If you or a loved one is undergoing cancer treatment, you know how exhausting the experience can be. Experts call it cancer-related fatigue, and it’s one of the most draining side effects of treatment. Fortunately, you can take steps to alleviate it. In fact, research shows that exercise can help combat cancer-related fatigue and improve quality of life, even for people still in treatment.
What is cancer-related fatigue?
Normally, fatigue is temporary and is linked to physical activity or exertion. With cancer-related fatigue, you may feel a random, sudden wave of severe fatigue that sleep doesn’t help to relieve. If left untreated, cancer-related fatigue can make it hard for you to have the energy to enjoy doing the things you love.
Exercising with Lung Cancer
When it comes to exercise and lung cancer, the goal is to find the right amount that helps you feel more energized but doesn’t tire you out.
“If you’re still in treatment, you may have low energy levels and not feel up to that much, but it’s beneficial to get even low-intensity activity on the days you’re feeling better,” says Peggy Lang, coordinator of the multidisciplinary and screening clinics in the Lung Cancer Program at the Johns Hopkins Kimmel Cancer Center.
Low-intensity activities, like easy walking or light stretching, are great options for improving your cardiovascular health without overdoing it.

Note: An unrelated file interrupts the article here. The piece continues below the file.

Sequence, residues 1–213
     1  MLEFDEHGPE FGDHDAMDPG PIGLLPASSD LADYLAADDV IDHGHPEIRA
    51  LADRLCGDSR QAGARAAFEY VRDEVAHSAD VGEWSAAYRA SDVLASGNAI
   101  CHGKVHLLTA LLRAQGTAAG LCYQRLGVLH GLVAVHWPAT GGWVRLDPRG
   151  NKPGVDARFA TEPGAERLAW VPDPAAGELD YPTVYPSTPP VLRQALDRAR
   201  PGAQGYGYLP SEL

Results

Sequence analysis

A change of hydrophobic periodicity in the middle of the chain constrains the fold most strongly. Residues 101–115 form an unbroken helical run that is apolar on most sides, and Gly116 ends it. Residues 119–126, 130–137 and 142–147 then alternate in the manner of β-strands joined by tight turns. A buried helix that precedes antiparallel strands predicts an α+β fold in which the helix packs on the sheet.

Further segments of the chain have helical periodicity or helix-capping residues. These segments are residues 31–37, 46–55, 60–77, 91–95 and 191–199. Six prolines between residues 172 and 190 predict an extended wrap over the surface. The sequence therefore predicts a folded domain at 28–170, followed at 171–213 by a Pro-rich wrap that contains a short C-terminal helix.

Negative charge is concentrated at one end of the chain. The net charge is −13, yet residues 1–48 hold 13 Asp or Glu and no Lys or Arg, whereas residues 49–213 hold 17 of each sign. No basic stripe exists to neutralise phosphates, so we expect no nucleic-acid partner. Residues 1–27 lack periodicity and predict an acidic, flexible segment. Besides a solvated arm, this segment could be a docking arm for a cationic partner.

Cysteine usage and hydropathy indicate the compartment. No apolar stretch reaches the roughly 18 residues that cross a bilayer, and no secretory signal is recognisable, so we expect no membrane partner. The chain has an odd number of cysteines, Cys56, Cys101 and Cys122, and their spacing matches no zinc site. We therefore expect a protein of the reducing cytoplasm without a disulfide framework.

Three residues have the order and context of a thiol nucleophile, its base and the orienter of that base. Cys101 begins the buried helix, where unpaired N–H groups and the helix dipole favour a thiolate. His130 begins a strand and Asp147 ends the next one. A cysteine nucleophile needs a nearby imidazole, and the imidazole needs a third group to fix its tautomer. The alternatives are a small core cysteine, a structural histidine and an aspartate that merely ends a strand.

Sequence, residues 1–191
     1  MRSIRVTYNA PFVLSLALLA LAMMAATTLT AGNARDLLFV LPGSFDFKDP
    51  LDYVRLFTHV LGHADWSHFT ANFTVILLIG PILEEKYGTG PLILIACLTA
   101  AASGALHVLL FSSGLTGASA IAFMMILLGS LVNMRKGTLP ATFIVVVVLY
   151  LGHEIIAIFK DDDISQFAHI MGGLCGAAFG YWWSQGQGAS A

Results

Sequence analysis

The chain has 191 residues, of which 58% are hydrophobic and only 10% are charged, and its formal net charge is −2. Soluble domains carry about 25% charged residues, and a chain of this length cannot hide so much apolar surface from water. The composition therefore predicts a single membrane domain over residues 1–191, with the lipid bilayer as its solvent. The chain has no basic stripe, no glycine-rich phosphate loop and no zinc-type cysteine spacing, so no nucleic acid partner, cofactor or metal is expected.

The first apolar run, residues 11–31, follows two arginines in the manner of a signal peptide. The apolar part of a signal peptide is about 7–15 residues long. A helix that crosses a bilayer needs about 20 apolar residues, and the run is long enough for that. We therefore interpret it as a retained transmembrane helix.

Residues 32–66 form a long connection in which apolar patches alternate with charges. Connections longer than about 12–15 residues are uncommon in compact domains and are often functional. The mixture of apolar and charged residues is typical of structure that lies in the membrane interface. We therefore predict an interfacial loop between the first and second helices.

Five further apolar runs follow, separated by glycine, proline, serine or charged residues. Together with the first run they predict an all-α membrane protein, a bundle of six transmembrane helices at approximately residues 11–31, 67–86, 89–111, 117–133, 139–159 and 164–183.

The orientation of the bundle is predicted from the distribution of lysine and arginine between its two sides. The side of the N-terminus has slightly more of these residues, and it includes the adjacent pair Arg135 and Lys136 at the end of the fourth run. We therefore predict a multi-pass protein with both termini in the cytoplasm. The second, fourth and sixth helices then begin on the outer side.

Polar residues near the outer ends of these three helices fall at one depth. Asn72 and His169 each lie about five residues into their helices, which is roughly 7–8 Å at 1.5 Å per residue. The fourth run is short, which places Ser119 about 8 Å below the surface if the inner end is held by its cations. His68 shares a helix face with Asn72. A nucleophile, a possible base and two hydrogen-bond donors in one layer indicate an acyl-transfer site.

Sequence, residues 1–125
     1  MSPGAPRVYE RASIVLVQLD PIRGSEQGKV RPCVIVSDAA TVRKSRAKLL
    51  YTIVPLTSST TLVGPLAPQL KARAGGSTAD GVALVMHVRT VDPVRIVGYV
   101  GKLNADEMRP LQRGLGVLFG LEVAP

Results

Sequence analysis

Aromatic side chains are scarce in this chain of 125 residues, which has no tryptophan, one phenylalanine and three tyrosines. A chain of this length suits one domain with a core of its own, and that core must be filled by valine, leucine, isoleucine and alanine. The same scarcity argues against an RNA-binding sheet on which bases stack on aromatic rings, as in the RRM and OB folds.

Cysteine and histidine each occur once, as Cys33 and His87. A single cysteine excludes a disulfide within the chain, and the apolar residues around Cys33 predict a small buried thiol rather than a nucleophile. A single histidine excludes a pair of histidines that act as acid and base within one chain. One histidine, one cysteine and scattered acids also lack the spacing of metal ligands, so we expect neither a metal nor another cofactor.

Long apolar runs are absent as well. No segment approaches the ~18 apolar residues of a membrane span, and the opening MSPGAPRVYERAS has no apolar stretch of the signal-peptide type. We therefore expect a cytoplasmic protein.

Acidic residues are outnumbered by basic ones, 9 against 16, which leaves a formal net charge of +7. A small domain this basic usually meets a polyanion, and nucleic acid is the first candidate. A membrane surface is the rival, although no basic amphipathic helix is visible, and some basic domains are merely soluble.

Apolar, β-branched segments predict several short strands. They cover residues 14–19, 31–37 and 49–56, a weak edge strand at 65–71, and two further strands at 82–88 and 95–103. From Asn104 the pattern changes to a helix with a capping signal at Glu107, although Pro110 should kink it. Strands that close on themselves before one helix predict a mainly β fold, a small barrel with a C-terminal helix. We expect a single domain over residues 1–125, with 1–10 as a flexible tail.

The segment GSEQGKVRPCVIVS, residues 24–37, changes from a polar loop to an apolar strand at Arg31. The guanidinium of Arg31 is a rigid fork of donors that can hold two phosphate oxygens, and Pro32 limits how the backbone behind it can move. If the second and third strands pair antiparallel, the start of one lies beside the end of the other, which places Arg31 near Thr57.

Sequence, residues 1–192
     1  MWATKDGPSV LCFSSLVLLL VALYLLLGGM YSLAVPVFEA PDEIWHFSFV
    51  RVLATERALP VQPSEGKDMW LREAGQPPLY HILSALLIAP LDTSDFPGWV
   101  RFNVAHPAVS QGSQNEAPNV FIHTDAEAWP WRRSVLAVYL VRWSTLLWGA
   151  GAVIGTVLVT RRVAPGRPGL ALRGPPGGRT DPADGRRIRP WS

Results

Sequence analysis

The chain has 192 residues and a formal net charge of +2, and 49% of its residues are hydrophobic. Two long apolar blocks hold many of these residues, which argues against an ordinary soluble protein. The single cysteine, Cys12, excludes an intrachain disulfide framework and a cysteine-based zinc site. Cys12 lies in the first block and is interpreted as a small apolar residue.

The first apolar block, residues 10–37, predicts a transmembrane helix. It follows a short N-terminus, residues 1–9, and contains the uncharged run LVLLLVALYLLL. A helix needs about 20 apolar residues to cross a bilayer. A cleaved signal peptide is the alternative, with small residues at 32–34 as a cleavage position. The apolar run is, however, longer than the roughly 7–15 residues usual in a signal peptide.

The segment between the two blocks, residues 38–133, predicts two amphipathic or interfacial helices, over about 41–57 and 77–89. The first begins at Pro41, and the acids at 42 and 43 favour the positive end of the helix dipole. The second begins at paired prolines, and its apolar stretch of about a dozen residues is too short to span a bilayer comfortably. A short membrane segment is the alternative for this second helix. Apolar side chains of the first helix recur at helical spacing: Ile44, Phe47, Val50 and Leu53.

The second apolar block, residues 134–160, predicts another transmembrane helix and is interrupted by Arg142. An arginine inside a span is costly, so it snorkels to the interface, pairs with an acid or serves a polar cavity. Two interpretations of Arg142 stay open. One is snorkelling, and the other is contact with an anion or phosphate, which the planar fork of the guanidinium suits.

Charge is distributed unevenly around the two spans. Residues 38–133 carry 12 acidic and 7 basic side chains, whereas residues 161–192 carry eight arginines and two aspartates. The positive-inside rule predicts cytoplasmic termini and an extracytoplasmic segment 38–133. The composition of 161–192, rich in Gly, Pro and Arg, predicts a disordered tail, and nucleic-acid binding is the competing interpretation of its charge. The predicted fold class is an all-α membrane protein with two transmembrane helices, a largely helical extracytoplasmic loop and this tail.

Beyond cancer-related fatigue, light to moderate exercise during cancer treatment has multiple benefits, including:
Boosted self-esteem, mood and motivation
Improved immune system function
Increased cardiovascular fitness and muscle strength
Help with breathing problems, such as shortness of breath
Ideas for Staying Active
Keep things easy with low-intensity activities, including:
Easy walking: Choose walking over driving when possible, or make it a habit to go for a short walk after dinner each night.
Light stretching: Start and end the day with a few simple stretches to prevent muscle tightness and joint stiffness.
Gentle yoga: Check out gentle yoga classes at studios in your community or online. Make sure to pick a class that’s geared toward gentle, restorative yoga postures. An added benefit to yoga is that you’ll learn deep breathing exercises to improve your lung capacity.
Tai Chi: This ancient Chinese form of exercise is referred to as “moving meditation” and helps with focus, concentration, balance and mindfulness.
Talk to Your Doctor First
It is always important to talk to your doctor before starting an exercise program during treatment. There are certain types of exercise that may not be appropriate for everyone with lung cancer. With your doctor, you can figure out what activities will help support your lung cancer treatment.
More Information About Lung Cancer Support from Johns Hopkins Medicine
Lung Cancer Resources
Find a list of resources and support programs offering information and support to anyone living with lung cancer.
More Information About Lung Cancer in the Health Library